When remotely monitoring a patient’s health, predicting a health deterioration can similarly be framed in many ways. For example, do we predict which of the patient’s vital signs will deteriorate generally? And, over what time frame? Or do we predict that a patient will have a specific disease exacerbation? Again, the framing of this problem yields essential considerations around the dataset required, the labels needed and the evaluation and on-going monitoring to establish sensitivity and specificity.

The correct framing of the problem, therefore, has a significant impact on the technical complexity of implementation, collection, and bias of evaluation, on-going monitoring, and dataset requirements. Consequently, we believe the FDA should incorporate requirements for precise framing of the problem into the pre-specification, along with the risks that imply.

Changing how the problem is framed, should likely require a change to the indications for use and therefore a further pre-market submission. However, the precise definition of this rationale up front will help better characterize and justify the risks during pre-approved model and feature changes.

Online learning

The anticipated change protocol (ACP) presumes offline learning, that is while the FDA’s proposals consider the inclusion of real-world data into algorithmic improvements, these are still considered in a relatively ‘mini-batch’ incremental fashion, where updates are controlled and documented. It is crucial that the FDA consider online learning, such as active learning, incremental learning or reinforcement learning, when finalizing guidelines.

Online learning is inherently non-deterministic, and our current belief is that that kind of non-determinism is very risky in a critical healthcare setting without appropriate safeguards, such as the development of algorithms to supervise other algorithms. However, the applicability of online learning should be considered and clear guidance provided.

As an example, in remote patient monitoring, alarm fatigue can be a significant problem. By utilizing reinforcement learning, healthcare professionals can feedback on the accuracy of an alarm. This however could be non-deterministically incorporated into an AI/ML model, or user-guided threshold. Alternatively, labels received through the feedback loop could be used for feature engineering and offline learning, updating the model deterministically but with manual oversight. We believe the latter approach is more appropriate at this point for the healthcare environment, and more in the spirit of the FDA’s proposals but the industry will benefit from clear guidance from the FDA on this topic.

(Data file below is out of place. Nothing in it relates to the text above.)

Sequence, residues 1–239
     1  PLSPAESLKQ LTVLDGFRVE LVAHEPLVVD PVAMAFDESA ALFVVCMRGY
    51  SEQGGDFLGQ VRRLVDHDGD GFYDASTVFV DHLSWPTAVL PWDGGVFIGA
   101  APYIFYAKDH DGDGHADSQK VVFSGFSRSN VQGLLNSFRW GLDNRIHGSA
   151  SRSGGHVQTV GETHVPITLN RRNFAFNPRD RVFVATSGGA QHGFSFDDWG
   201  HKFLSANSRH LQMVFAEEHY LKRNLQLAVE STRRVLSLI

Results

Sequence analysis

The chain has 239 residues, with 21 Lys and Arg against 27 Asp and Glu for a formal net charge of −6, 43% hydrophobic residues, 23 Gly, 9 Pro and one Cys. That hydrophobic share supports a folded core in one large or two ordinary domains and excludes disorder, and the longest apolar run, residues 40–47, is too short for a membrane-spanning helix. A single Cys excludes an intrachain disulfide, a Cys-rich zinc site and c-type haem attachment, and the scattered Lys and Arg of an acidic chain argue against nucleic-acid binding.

Building mechanisms for explicability: aka Explainable Artificial Intelligence

A significant body of on-going research is developing novel explicable AI/ML methods. The motivation behind this is to help the user understand why an algorithm has, or conversely, has not made a decision. We strongly believe that explicability, or “explainability”, is critical to the development of trust in AI/ML in healthcare, and therefore widespread and successful adoption. The battle will be won not on when it works – but understanding why it works and conversely both when and why it doesn’t work.

The US Defense Advanced Research Projects Agency (DARPA) has a significant program examining explainable AI. They describe this as:

(Reproduced with minor alterations for legibility from DARPA Explainable AI)

In healthcare, this means designing both the algorithm and wider medical device product to deliver supplementary information to contextualize any diagnostic or predictive output of the model. This context can be very important for allowing the healthcare professional to comprehend and reason the output to ultimately make a reliable medical decision.

Explicability can come from the framing of model inputs and outputs, such as the percentage likelihood of an event, or from the classification of underlying model mechanics, such as the most salient features used in the prediction. It can also come from characterisation of input and output data in different ways, such as descriptive statistics, visualisations, comparisons to similar instances/outcomes etc. This implies both algorithmic and user-interface components that need to be outlined and risk-managed through a regulatory process.

Just this past week, a team from Google Brain released the paper ‘Human-Centered Tools for Coping with Imperfect Algorithms During Medical Decision-Making’ at the world’s premier human-factors in computing science conference. This paper examines an algorithmically-powered user interface to manage the uncertainty of medical image classification to guide better medical decision with uncertain predictions. We are sure these types of systems will become increasingly common-place as AI/ML systems move from the lab to the hospital.